A County Durham man has pleaded guilty to trading as a scrap metal dealer without a licence.
Daniel Foreman, who has since obtained a licence, was dealt with at Peterlee Magistrates’ Court following a prosecution by Durham County Council.
The 23-year-old, of Redworth Road in Shildon, admitted an offence under the Scrap Metal Dealers Act 2013.
The court heard that licensing officers from the council investigated Foreman after becoming aware of roadside advertising for scrap cars in June last year.
They traced the telephone number on the adverts to DF Vehicle Recycling and Recovery, with further checks revealing recovery vehicles linked to the firm were registered under Foreman’s name and address.
Officers followed-up by visiting scrap yards in the county found that at one yard, Foreman had weighed in £32,678 worth of scrap metal between January and September last year.
They also established that two warning letters relating to collecting scrap without a licence had already been sent to Foreman’s address in 2020.
When interviewed under caution, Foreman told officers he buys and sells cars and scraps the cars that he can’t sell but was unable to provide evidence of any vehicles being sold.
After pleading guilty, he was given a 12 months’ conditional discharge and ordered to pay £220 costs as well as a £22 victim surcharge.
In mitigation, Foreman’s defence said he did try to ensure he had the necessary licence and successfully obtained one in November last year, though he accepts he traded during a period in which he did not have the licence.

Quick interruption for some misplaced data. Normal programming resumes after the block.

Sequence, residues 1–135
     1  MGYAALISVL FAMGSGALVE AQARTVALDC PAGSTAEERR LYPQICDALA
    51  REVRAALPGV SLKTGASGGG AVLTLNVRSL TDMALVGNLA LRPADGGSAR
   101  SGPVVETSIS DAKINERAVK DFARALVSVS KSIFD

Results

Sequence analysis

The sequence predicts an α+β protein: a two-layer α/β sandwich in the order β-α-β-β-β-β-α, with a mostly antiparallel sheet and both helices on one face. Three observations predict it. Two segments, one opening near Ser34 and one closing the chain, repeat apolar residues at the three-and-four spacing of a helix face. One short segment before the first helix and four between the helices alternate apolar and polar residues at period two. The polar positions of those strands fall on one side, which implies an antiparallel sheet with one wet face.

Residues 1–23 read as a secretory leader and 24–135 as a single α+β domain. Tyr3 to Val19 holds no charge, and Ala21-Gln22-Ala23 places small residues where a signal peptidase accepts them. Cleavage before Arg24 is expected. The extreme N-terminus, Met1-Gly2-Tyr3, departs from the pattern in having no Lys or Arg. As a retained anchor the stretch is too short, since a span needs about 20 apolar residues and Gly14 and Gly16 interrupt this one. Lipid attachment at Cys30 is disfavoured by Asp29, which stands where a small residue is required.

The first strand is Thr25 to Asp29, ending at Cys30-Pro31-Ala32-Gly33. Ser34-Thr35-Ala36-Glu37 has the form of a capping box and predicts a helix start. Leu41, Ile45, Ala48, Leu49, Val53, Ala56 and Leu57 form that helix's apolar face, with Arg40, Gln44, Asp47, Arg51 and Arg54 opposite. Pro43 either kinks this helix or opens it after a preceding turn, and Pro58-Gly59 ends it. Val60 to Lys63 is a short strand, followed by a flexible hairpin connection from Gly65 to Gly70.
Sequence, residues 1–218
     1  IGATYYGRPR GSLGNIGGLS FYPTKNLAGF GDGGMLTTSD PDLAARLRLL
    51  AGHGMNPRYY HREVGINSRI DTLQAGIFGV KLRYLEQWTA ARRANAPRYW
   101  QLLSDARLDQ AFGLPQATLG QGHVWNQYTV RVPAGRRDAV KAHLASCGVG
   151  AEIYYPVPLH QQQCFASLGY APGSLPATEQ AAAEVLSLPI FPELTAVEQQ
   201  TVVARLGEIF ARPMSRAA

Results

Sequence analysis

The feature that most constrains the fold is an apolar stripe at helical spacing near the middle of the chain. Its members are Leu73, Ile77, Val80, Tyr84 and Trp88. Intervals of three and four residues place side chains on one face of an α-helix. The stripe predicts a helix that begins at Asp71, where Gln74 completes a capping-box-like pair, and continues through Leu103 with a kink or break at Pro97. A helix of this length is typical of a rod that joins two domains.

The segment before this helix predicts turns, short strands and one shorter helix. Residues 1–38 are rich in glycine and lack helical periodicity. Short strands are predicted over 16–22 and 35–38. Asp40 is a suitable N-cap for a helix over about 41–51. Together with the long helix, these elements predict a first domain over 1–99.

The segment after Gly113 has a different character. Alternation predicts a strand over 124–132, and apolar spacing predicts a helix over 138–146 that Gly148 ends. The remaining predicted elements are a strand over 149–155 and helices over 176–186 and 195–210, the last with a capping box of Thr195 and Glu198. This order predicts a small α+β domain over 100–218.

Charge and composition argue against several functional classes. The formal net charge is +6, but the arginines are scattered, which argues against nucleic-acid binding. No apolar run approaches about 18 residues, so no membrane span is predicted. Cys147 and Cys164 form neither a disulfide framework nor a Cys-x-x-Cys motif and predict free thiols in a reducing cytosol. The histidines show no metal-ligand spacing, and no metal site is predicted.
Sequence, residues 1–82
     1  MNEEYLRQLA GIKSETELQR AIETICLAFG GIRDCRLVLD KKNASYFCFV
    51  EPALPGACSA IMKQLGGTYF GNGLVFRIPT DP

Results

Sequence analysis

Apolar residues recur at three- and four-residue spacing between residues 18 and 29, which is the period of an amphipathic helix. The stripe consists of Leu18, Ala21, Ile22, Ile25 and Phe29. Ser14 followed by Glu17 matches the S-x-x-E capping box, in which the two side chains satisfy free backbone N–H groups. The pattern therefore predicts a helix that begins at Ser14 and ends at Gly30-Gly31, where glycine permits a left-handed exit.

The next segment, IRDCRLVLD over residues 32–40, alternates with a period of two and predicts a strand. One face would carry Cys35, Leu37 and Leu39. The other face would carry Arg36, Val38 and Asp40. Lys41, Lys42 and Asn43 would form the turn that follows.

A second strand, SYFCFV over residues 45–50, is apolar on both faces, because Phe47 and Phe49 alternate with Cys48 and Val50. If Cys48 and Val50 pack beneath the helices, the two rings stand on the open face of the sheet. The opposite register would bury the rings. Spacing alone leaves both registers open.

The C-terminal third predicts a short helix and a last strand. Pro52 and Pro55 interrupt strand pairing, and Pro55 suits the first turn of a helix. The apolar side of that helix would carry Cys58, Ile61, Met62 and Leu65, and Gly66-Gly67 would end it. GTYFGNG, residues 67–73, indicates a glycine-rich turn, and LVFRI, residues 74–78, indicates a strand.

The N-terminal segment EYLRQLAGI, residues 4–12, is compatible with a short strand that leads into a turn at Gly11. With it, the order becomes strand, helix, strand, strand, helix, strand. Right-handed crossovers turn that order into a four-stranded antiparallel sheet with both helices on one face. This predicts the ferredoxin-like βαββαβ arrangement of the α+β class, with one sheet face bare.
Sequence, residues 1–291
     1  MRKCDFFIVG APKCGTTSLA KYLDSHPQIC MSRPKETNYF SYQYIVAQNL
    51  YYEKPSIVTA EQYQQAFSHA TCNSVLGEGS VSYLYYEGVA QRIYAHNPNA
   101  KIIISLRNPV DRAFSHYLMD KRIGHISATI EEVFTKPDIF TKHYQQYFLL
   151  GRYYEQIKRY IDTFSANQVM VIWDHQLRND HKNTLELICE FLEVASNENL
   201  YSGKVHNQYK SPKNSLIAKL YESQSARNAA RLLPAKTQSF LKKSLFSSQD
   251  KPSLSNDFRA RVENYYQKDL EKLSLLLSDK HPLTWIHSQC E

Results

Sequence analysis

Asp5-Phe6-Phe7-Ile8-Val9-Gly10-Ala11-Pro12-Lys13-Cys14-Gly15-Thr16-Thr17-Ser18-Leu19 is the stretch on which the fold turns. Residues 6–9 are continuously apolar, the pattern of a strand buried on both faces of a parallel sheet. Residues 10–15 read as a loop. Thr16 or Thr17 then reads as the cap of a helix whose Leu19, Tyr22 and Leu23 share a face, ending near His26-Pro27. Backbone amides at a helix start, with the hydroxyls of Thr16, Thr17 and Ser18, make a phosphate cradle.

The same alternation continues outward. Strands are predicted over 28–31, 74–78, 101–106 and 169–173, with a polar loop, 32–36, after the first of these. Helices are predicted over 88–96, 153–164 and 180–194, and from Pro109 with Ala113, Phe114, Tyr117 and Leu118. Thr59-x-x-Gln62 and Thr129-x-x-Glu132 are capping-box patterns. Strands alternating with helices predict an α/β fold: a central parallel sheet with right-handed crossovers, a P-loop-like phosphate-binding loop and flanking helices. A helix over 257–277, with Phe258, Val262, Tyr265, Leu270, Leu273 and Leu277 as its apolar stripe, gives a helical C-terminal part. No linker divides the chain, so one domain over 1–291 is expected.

They said the earlier warning letters had been addressed to a business operated by his father, and that Foreman had contacted the council and been told he had the correct licence, though there is no record of such a conversation taking place.
Owen Cleugh, Durham County Council’s public protection manager, said: “The simple message here is that anyone who wants to operate as a scrap metal dealer must obtain a licence first.
“It’s the same across the country. The requirement to obtain a licence was introduced as part of national legislation designed to regulate the industry and to protect the public and businesses from scrap metal theft.
“Those who operate as scrap metal dealers without a licence are committing an offence, and also gaining an unfair advantage over people who get a licence and trade legitimately. There’s no excuse for it.
“We’d also like to take this opportunity to remind people that when disposing of any scrap metal, they should always check that the person or business that is collecting it from them has a licence.”
For more information about the licensing of scrap metal dealers, visit the council’s website www.durham.gov.uk/licensing.